which they were accustomed to. It may take your pet at least a
week to regroup. If you must employ a change with your pet in
the way of ownership, living arrangements or meeting other chinchillas, introduce it gradually. Your pet will be more accepting of a slower process than they would of a
quick and rash one. A quick and rash one does nothing but
contribute to more unnecessary stress.
You can help by putting them in a quiet room with
some soft jazz music. There should be no other pets in the house
while your pet is getting acclimated to different surroundings, including the owner.
Added stress can contribute to shock. In your pet's case, this happens when they feel they can't consume the
magnitude of what's going on around them. The chinchilla feels
their situation is out of control and can't be corrected.
They're unable to digest the scenario. This type of shock can
result in immediate declining health and/or death; sometimes, they may decline slowly and eventually
expire. Stress-related shock doesn't happen often, but if your
pet has hyper activity, they'll more likely to experience it.
Giving your pet this transition time is crucial
and imperative because if they came from a chaotic environment, they will have to learn to relax and if they
came from a boredom environment, they must have time to get in the groove to handle noise in a timely
manner. If they take on too much too quickly, your pet can get
overwhelmed, causing additional stress.
Your pet prefers to be in a setting where they're
not threatened by change. However, if they do have to change
scenery, the most important thing is that they have time to get adjusted. Depending on how old they are and their health status, some chinchillas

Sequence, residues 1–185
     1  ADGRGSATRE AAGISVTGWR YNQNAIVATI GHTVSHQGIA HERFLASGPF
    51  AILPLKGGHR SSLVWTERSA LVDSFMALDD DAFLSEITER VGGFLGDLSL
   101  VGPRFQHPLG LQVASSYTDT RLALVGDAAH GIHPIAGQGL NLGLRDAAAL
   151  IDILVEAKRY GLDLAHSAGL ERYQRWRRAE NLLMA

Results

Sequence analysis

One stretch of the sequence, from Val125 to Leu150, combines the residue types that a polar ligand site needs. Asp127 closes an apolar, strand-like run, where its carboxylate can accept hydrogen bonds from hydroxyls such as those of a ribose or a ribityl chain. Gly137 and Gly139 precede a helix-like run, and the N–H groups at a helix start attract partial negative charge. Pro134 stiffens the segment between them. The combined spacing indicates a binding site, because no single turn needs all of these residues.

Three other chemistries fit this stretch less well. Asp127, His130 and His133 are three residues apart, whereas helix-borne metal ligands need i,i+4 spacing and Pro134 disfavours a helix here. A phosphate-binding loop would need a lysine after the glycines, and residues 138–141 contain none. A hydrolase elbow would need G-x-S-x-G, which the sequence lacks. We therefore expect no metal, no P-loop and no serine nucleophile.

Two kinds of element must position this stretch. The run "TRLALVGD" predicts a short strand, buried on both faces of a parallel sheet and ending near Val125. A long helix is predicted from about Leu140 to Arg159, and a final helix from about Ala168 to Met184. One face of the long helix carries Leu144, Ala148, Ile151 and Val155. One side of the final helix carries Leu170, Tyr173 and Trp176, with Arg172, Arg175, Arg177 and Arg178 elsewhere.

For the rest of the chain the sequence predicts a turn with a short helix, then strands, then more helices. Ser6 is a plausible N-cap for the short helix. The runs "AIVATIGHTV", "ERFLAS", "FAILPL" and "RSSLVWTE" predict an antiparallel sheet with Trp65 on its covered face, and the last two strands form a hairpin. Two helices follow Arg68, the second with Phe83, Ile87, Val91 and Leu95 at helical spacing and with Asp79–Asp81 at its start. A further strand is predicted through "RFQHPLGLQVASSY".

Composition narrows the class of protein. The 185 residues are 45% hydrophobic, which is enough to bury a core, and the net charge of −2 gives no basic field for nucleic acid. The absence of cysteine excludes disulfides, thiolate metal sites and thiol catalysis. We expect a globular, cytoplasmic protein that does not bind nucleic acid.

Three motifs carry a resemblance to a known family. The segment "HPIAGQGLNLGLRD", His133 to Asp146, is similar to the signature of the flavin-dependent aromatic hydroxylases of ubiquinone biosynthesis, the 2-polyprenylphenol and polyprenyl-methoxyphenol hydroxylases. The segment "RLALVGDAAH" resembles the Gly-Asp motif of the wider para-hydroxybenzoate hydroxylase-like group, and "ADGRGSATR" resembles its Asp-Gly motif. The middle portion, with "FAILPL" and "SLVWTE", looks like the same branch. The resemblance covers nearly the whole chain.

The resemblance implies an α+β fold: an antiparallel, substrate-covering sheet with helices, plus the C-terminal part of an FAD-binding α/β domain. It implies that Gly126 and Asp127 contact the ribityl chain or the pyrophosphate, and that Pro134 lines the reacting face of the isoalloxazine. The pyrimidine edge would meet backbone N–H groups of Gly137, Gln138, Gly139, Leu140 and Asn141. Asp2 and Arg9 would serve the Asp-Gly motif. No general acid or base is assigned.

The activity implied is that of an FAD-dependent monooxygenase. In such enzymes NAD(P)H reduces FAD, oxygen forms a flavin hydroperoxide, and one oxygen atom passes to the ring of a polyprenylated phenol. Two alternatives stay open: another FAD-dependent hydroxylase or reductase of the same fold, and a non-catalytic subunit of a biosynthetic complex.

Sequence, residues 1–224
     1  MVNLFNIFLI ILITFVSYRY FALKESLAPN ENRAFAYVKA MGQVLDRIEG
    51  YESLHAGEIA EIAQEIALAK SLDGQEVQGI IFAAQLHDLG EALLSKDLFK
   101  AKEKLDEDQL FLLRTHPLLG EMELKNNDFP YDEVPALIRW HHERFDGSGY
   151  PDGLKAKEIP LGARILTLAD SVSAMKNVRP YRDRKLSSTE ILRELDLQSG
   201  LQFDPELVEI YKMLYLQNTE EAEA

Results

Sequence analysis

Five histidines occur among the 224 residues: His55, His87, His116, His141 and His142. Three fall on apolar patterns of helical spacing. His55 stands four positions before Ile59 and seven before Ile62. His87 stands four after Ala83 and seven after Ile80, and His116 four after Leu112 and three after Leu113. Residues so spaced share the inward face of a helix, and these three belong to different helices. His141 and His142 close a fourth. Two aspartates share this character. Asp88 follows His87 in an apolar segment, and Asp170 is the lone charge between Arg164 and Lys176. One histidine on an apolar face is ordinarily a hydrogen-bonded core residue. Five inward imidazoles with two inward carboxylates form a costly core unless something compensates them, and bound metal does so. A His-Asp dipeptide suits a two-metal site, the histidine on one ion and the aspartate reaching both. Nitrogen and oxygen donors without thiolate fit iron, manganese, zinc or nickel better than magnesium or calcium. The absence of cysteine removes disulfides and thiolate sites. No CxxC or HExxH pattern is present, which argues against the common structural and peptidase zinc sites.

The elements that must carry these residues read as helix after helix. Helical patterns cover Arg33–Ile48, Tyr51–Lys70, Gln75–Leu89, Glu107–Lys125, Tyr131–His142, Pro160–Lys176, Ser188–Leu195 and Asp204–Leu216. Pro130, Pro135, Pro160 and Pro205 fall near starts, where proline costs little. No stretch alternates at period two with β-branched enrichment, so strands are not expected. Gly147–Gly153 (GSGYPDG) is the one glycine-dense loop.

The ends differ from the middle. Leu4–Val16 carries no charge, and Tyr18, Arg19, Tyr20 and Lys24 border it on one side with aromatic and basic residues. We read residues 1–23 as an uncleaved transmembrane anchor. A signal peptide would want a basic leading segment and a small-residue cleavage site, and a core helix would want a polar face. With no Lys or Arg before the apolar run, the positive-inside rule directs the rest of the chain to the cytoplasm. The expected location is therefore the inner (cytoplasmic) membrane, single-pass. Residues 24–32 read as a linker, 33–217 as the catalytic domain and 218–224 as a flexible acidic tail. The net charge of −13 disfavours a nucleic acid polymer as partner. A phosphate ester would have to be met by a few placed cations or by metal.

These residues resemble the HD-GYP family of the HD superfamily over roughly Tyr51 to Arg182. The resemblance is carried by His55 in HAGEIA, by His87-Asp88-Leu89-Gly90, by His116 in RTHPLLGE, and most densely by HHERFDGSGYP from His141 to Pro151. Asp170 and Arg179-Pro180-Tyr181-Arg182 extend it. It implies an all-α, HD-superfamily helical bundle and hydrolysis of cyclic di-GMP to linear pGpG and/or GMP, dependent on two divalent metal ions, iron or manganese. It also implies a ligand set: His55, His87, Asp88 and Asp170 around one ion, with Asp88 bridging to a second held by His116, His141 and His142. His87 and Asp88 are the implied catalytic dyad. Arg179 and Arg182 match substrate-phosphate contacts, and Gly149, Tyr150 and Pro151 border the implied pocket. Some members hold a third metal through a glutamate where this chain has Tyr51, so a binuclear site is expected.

adjust faster than others. The biting of fur would occur mostly
in an older animal. This may come from having another animal in
the house. The older one would feel that their territory was
Changes that would make your pet feel happy are a
new cage, television or a new movie or a new chew toy. More
times than not, they would welcome these with open arms. If in
the event, any of these items don't satisfy them and cause stress, you'll have to make some adjustments so
they can adapt and eliminate the stress.
You will have to learn to be sensitive to their
needs and get a sense of when they might be ready. It's normal for your pet to be wary of the
unknown. Eventually, they'll learn to adjust. Chinchillas are used to routines. They like to stay in the land of familiar surroundings and not rock the
boat. They don't particularly care for challenges, especially
when it means making a change that affects them directly and swiftly. If they have to, they will change, but they prefer to remain
uninterrupted. If they are in an unsafe environment, then it is
essential that changes are made. Eventually, your pet will
appreciate your efforts to move them into better surroundings.
It's always best to start out small and gradual,
then work your way up with your chinchilla. This way, your pet
can accept the gradual transition with ease.